Thursday, September 10, 2009

The First Book

Ironically, perfectly, dauntingly titled this is not civilization (no caps perhaps because capitalization hasn’t yet reached Central Asia?), I sat down to read Robert Rosenberg’s novel in about two days. I was captivated. He wrote autobiographically (I think) about his experiences before, during, and after a term of Peace Corps service in Kyrgyzstan. Sound familiar? There’s a reason I picked it up off the virtual shelf that is This book provided me with my first insight on what exactly Central Asia is and where it is developmentally…and served as my first exposure to a Peace Corps memoir outside of the official ones provided by the organization when everybody has a purpose and everything ends happy.

My biggest take-away from this book is that in Kyrgyzstan it’s still completely legal and acceptable to “kidnap” one’s bride. Meaning that if a man kidnaps a single woman, she must marry him. Meaning that if I’m assigned to work in Kyrgyzstan and I’m walking down the street one day and some guy pulls me into his car, he better be attractive – or at least wealthy – because he’s going to be my husband. The book actually didn’t go into the details about if this is the case with white females. I guess the male author didn’t see this as a concern (no interest in finding a bride for himself) but I can only assume that after 2 years in Kyrgyzstan it wouldn’t matter if I was white anyways.

The real reason this tradition popped out at me is not because I’m fearful of being kidnapped – I still have that thing of mace that my grandmother gave me for like my 16th birthday – but because it fits in so perfectly well with my mom’s biggest fear of me going into the Peace Corps: that I’m just going to find love somewhere, settle down, get married, and never come back to the US. I laughed when she first expressed this fear to me because I said it would have been a possibility had I been assigned somewhere pretty like SE Asia…but that I thought it was very unlikely that I would find love in Central Asia (is it just me, or when you picture Central Asia/Russia, is it impossible to conceive of a 20-30 year old male? The area just seems devoid of them to me…probably my sub-conscious mixing together everything I know about the region: being that it’s had various purges and wars throughout its history, wiping out that entire demographic of the population). Anyways…didn’t think I would find love in Central Asia. But then I learned that in Central Asia, LOVE MIGHT FIND ME. That sounds a little super sweet and like a slight possibility, so Mommy now again has reason to be worried.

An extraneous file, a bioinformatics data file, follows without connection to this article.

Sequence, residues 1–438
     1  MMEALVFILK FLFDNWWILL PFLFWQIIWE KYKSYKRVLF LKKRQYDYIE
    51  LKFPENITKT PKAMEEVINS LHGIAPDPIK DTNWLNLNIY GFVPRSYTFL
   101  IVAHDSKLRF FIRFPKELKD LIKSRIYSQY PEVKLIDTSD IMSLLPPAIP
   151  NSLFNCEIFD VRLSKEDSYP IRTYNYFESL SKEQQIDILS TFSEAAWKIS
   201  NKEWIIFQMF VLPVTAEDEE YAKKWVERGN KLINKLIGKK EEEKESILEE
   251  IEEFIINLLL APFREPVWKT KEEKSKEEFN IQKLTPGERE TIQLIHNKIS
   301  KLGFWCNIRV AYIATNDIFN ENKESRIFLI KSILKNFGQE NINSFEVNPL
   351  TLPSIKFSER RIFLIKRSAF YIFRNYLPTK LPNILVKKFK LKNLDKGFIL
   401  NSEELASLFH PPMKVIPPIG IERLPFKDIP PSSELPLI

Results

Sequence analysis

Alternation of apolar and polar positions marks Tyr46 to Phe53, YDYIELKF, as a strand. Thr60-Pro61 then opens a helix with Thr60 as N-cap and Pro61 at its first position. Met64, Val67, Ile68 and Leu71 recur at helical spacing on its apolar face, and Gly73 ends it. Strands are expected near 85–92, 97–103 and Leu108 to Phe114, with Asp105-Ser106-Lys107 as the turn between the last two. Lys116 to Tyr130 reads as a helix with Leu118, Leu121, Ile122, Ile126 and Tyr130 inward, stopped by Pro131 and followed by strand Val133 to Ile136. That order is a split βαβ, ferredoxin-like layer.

The second thing I learned from this book is: once in the Peace Corps, always in the Peace Corps. After his term of service, the main character leaves Kyrgyzstan for a US Foreign Service job in Istanbul (this is all starting to sound like my own future autobiography) where he is eventually tracked down by two of the people from his previous village begging for exorbitant sums of money…assuming that since he is white and nice…he must be able to provide. He of course doesn’t, because he can’t, but that doesn’t mean that his new house guests leave. It actually means they stick around for months, just hoping that one day he’ll give in.

I’m not sure I’m too excited about the possibility of villagers I serve coming to find me years later asking for favors. Although the way he describes it, Istanbul sounds beautiful. So I guess that’s a worthy trade-off?

No comments: